As Canon has learned the hard way, innovative products can be criticized as much as they are celebrated. This was certainly the case with the EOS-R5 full-frame mirrorless camera, launched alongside the EOS-R6 to be acclaimed with revolutionary features like 8K video. This praise quickly turned sour, as critics noticed that the tiny body had a tendency to overheat, which reduces the amount of time you can record a video.
Since its launch, however, Canon has introduced the firmware updates which have reduced, but not eliminated, heating problems. Even though the camera was launched a while ago, these have made it a more mature product, while time has allowed the market to better absorb its pros and cons.
- 8K 4K 120p video
- Fast and precise autofocus
- Best-in-class image stabilization
- Great maneuverability
- Sharp, crisp images
- Video overheating issues
- Micro-HDMI port
- Aging menu system
What got lost at first is that in addition to its 8K video powers, the EOS-R5 is a fast-paced, high-resolution photo shooter. It also offers other innovative features, like powerful in-body stabilization and a much improved autofocus system, which put it on par or ahead of its competition, especially Sony. With all of this and the perspective of time, let’s see how it works.
I’ll start with the most exciting and controversial part of this camera: the video. The R5 has some extremely powerful video features that few rivals can match, but also some unique issues. The question is, how does all of this affect the average user?
You can record 8K 30p or 4K 120p videos in high quality or even in RAW modes, directly to an internal memory card. It also supports 10-bit recording and S-Log in all modes.
As Canon says, 8K shooting gives you “extra cropping” or “unique angles next to a main camera.” What he does do not say is that the R5 is a good 8K main camera. This is mainly because it still overheats even after firmware updates.
Canon says you can shoot in 8K for 20 minutes straight before the camera turns off, but I’ve found that now can go for longer – over 25-30 minutes before I have to. Stop. And it recovers from overheating faster, so I was able to take photos sooner and longer after it was shut down. When I shot 8K for a few minutes at a time and turned the camera off between shots, I was able to shoot for several hours without any issues.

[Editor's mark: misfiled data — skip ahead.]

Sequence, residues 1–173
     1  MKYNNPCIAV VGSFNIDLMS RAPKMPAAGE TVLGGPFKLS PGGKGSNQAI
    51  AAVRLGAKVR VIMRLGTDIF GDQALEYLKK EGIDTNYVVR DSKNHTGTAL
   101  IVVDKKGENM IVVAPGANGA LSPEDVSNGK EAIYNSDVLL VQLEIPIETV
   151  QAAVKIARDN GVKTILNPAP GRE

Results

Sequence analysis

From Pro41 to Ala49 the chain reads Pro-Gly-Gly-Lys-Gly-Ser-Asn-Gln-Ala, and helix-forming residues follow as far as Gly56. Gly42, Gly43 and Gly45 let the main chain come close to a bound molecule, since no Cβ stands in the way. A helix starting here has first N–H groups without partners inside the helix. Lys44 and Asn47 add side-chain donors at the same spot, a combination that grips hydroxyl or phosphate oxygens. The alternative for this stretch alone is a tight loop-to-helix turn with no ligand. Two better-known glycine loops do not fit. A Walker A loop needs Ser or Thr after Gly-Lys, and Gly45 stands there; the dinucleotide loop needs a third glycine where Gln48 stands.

Shooting in 4K at 120 FPS is limited to just 15 minutes, but again I found I could go up to around 20 minutes on a moderately hot day. Canon says you can shoot 4K at 60 fps for 35 minutes with the full sensor, or 25 minutes using APS-C crop with 5.1K oversampling. Again, I found Canon’s estimates to be conservative, as I could extend for 5-10 minutes.
My biggest concern was the 4K HQ video at 30 fps. This is my preferred mode, as it oversamples the entire sensor to provide the sharpest 4K video. I used it to film myself for my review video and was forced to leave the camera on while I started and stopped recording remotely with a smartphone. During the 90 minute session, the camera stopped several times.
Most of the delays lasted a short time before I could shoot again, but a few minutes before I finished shooting it went on for a while. I was forced to switch to normal (non HQ) 4K mode to finish filming before sunset.
There are no heating issues when shooting in non-oversampled or cropped APS-C 4K (with 5.1K oversampling) up to 30 fps. If you do this, image quality issues such as moiré are reduced because the R5 has an anti-aliasing filter. Another option is to capture the video to an external recorder from Atomos or Blackmagic Design. If you do this, there is no overheating limitation in 4K modes, including Upsampled HQ.
What does it all mean? Overheating only affects people who continuously shoot 8K or 4K high frame rate videos. It’s also a problem if you’re shooting long interviews in 4K HQ mode and can’t turn the camera off between shots. If you do any of these things I suggest you get another camera. If you’re shooting mostly at standard frame rates, with the occasional 8K or 4K slow-motion clip, you’ll rarely have to worry about overheating.
On top of all of that, there’s a lot to like about the R5 for video. Canon’s highly efficient Dual Pixel video autofocus is available in all 8K and 4K recording modes. It’s not as responsive as the AF on the Sony A7S III, but it’s still pretty good. You can count on it to follow your subject, even if it is moving at a good speed. Most importantly, it’s precise and doesn’t try to focus.